Israel has found an effective defensive solution to most of the rockets fired by Hamas with its Iron Dome interception system. Most of the other casualties were the result of mortar fire at communities close to Gaza, for which there was no technological solution at the time.

Since then, it can be assumed that Hamas’ dependence on the tunnels as an offensive weapon has only grown. At first, there was the crisis with Iran, Hamas’ main weapons supplier (a split that has since been partially healed), and later Egypt began destroying and flooding the smuggling tunnels under Rafah. That’s why Hamas has been forced to rely mostly on its own production of homemade rockets, whose range is limited and damage-potential comparatively minor.

In a possible future confrontation, it can be assumed that the organization will try to initiate other surprises – as it did a year and a half ago when it tried to attack using drones and its naval commandos. But Israel proved its ability to prevent such attacks in 2014. Also, a few months ago the Egyptians arrested four Hamas naval commandos in Sinai, on their way to training overseas – which most likely seriously damaged the unit’s operational capabilities.

In its military thinking, it seems Hamas is coming close to the same operational ideas that Hezbollah reached after the Second Lebanon War in 2006, even if they have not all been implemented yet. Declarations by Hezbollah leader Hassan Nasrallah and other senior members have emphasized the need to open with a surprise move that would put the organization in a clear position of superiority from the start.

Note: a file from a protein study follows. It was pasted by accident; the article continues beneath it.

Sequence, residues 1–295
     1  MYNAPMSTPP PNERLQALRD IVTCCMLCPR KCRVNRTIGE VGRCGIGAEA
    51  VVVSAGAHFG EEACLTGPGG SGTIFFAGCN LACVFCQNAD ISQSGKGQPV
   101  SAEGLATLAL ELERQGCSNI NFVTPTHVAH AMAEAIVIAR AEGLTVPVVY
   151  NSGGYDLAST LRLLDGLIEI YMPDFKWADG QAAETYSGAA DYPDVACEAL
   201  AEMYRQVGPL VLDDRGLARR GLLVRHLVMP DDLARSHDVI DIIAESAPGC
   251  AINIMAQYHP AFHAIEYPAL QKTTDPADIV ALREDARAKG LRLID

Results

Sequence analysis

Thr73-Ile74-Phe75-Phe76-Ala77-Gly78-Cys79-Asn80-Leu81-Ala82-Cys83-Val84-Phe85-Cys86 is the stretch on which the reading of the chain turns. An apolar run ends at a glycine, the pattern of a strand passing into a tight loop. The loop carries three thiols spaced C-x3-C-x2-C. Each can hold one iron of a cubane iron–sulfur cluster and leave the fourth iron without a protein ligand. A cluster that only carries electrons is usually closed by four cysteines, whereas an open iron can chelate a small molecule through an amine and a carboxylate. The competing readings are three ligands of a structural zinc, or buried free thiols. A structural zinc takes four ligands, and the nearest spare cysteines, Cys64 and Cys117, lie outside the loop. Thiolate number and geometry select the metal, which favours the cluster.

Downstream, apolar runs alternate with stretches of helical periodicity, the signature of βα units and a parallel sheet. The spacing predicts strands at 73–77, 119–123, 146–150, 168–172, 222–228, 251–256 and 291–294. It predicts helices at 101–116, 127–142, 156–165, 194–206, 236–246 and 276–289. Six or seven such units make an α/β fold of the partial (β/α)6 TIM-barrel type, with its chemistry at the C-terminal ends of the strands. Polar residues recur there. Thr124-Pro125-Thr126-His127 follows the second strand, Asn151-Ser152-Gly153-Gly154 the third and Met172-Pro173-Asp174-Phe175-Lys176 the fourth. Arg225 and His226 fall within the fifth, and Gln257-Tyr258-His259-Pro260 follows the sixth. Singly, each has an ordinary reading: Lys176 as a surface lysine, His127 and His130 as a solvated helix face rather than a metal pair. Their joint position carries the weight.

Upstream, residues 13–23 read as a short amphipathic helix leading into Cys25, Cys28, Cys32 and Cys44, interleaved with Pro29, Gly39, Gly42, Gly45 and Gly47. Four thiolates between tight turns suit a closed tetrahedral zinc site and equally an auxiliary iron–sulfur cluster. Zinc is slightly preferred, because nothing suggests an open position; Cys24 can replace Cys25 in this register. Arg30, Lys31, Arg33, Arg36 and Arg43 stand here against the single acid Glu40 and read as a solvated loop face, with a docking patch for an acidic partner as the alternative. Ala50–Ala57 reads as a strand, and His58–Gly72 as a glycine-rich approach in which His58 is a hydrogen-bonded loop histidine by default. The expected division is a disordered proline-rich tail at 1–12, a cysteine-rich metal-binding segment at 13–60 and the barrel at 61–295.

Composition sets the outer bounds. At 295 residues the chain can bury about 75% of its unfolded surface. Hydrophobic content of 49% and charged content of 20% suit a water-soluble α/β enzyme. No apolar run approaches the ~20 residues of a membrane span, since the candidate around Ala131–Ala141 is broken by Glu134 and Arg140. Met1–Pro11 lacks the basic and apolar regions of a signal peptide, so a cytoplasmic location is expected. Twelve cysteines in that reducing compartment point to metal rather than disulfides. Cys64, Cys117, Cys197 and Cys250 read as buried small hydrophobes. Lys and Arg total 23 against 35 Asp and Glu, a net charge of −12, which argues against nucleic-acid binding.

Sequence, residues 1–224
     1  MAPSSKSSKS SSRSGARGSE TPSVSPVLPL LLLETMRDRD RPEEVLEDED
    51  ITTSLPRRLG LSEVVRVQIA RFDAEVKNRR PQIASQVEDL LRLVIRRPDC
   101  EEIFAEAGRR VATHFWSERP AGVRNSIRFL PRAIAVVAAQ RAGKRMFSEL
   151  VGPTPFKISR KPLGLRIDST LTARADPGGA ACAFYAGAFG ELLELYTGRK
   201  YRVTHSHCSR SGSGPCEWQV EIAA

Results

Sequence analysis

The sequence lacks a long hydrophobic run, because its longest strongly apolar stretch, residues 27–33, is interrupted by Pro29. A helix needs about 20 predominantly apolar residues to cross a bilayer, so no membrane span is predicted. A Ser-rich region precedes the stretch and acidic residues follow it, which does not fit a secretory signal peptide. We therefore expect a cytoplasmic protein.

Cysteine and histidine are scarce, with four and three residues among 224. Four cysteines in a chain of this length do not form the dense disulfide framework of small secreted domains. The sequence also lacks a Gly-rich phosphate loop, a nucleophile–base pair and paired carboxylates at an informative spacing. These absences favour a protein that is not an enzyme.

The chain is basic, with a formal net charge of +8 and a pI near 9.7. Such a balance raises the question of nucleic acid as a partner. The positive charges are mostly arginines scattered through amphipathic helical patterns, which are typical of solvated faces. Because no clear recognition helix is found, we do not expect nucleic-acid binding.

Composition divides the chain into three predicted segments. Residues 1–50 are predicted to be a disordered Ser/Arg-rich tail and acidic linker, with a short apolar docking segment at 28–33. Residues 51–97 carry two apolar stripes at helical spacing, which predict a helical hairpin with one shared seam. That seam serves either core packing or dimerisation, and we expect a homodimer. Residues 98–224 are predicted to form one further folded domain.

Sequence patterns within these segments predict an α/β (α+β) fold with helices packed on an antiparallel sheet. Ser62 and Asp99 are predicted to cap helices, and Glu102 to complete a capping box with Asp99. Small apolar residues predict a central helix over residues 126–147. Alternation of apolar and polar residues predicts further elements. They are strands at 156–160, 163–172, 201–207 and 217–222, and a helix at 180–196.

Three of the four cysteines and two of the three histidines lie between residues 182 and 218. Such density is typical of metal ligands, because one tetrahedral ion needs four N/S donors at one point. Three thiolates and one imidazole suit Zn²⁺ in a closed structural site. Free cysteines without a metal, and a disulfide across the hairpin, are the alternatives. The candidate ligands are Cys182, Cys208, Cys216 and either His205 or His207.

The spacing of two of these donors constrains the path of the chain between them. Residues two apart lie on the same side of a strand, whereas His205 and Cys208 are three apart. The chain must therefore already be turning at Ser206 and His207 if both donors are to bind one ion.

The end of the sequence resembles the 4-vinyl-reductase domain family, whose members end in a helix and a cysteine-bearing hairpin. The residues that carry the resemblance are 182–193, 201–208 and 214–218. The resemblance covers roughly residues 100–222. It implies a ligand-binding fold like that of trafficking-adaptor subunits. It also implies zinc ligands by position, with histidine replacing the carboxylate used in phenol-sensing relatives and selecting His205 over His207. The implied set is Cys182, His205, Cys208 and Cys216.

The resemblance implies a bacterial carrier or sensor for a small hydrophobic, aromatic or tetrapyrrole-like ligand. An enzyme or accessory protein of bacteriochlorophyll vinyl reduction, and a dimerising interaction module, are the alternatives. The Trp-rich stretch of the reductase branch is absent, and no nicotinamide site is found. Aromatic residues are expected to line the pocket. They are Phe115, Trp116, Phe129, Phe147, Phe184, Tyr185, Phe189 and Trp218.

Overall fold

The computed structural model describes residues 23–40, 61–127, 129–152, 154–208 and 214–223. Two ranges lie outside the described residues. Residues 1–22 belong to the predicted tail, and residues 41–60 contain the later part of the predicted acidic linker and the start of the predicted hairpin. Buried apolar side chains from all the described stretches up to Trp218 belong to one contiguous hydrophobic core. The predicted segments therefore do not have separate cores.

Hamas didn’t succeed in creating such a surprise in 2014, because the war broke out after a week of escalation along the Gaza border. This started after the murder of three Israeli teens in the West Bank by a Hamas cell.

If Hamas' military wing decides to launch an attack, it may try to leave the political leadership out of the loop due to concerns its maneuvers would be otherwise mitigated, and to ensure Israel doesn't discover the plans.

The drawbacks of such a maneuver for Hamas are fairly clear. The Gaza Strip has yet to recuperate from the destruction caused by the last war with Israel; thousands of homes remain to be rebuilt. Another round would cause even greater harm. The IDF's military and intelligence advantage is obvious, and without a major stockpile of precise and lethal rockets, the extent of the damage Hamas would cause Israel's home front is likely to be limited. But the siege on Gaza, alongside the political constraints Hamas is experiencing, may spur it into action, especially if the military leadership is tempted to believe that kidnapping Israelis would force Israel to agree to another prisoner swap.

Two occurrences may speed up the deterioration in Gaza. One is an effort by Hamas to carry out a pre-emptive strike through several tunnels at once, for fear that Israel would discover and destroy the underground paths. The second is a successful effort to carry out major terror attacks in the West Bank and in Israel proper, which would provoke Israel to strike Gaza. But a new war in Gaza isn't yet inevitable. Preventing it from breaking out depends in part on the Israeli side, in measured conduct on the part of its political leaders as well as the success of the IDF and the Shin Bet to thwart Hamas' attacks.